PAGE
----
If the results look unbelievable I always follow up with a chemical test kit, they are not perfect either but at least you have two independent measurements.
Personally I don't understand why people don't use drop checkers, which seem to be out of favour for some reason.
 

Sacha

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I appreciate all the replies.

But the problem still stands. Every single pH profiling thread on this site lists pH and KH readings which, according to the charts, equate to lethal amounts of Co2. Does that mean that the charts are horrifically inaccurate? Or that everyone's pH meters are broken?

Like I said, in most tanks, a "full pH drop before lights on" means a lethal dose of Co2. So I don't know why we are encouraged to aim for that.
 

ceg4048

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No Sacha, your interpretation of the information provided to you is horrifically inaccurate. I have never instructed anyone to use the data in the charts to determine CO2 concentration levels. In fact I always tell people to NOT use the chart to determine absolute values of the CO2 concentration level. What we are using the charts for is to determine the differences. Mathematically, by using differences in the chart readings we are essentially subtracting the error associated with reading the charts as a single point calculation.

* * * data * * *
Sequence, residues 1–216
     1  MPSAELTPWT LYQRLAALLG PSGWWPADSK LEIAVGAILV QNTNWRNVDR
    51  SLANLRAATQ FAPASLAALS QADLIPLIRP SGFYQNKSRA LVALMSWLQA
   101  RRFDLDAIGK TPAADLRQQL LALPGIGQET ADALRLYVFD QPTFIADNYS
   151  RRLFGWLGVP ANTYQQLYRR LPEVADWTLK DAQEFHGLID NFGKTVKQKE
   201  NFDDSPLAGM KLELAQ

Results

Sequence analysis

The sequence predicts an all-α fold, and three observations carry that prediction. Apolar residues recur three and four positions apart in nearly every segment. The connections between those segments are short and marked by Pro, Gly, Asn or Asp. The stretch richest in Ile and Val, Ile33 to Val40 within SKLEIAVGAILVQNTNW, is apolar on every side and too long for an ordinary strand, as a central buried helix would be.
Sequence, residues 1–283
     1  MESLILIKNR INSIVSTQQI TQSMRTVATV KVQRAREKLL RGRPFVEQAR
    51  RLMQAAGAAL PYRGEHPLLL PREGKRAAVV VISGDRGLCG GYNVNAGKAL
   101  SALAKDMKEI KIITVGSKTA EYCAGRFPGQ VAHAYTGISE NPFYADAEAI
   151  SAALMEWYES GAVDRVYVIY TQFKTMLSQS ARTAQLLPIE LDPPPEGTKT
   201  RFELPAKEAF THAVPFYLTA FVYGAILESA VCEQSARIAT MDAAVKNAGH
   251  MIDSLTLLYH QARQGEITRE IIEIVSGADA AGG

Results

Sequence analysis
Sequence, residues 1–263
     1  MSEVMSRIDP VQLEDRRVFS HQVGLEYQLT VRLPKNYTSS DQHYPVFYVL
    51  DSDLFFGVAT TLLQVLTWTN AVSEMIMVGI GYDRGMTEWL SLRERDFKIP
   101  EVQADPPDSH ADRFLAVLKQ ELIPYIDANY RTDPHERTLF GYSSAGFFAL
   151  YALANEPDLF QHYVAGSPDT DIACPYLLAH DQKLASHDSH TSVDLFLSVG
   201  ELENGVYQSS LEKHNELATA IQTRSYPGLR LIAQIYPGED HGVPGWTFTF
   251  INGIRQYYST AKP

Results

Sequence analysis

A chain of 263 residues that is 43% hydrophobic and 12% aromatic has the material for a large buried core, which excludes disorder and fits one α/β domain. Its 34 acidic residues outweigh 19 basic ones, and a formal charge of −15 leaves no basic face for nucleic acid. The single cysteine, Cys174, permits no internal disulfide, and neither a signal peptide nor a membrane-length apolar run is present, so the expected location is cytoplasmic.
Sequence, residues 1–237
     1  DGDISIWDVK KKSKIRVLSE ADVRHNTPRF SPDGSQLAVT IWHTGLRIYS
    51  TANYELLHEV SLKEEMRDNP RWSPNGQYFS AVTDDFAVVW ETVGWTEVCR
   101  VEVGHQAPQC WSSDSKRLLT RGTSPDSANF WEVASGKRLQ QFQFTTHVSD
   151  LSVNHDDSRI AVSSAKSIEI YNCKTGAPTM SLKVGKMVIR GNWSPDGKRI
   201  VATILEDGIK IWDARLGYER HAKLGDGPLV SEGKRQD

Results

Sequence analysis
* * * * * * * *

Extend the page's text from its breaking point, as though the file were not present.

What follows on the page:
When we use the expression "ph drop" we are talking about the pH difference.
See the post http://www.ukaps.org/forum/threads/reliability-of-drop-checkers.19499/page-2#post-198360

Cheers,
 

Sacha

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I fully understand all of that.

Using the charts as an extremely rough guide, it's clear to me that in most water (above KH 2.5), a full pH drop before lights on means we have injected a dangerous amount of Co2.

Can't you see that? In most water, a full pH drop means we have injected well over 30 PPM.
 

dw1305

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Hi all,
KH has no effect on performance of the pH meter , but TDS (or conductivity) does.
You probably notice that the reading stabilises much faster in the calibration buffers than in water, because the buffers are strong solutions of ions. It is usually said that at TDS of less than about 40 or so pH pens don't work, but mine is not very reliable even at around 90 or 100ppm, the reading depends a lot on how much the water is stirred. I can get an accurate reading but only with care. PH pens are high maintenance, and as "test kits" go, they don't get much flakier. There is an excellent post on Apistogramma by "Regani" on how to maintain them properly.
That's the one, "Regani" is excellent on water chemistry <http://www.apistogramma.com/forum/threads/a-note-on-ph-meters.14870/>, I've learnt a lot from him.

You can add a salt like NaCl (has to be NaCl, "table salt" has magnesium carbonate (MgCO3) added to it) to the water sample, this doesn't effect the pH but makes the reading stabilise much more quickly. Have a look at this one (again via the excellent Apistogramma forum) <http://www.apistogramma.com/forum/threads/ok.12048/>.
Every single pH profiling thread on this site lists pH and KH readings which, according to the charts, equate to lethal amounts of Co2. Does that mean that the charts are horrifically inaccurate? Or that everyone's pH meters are broken?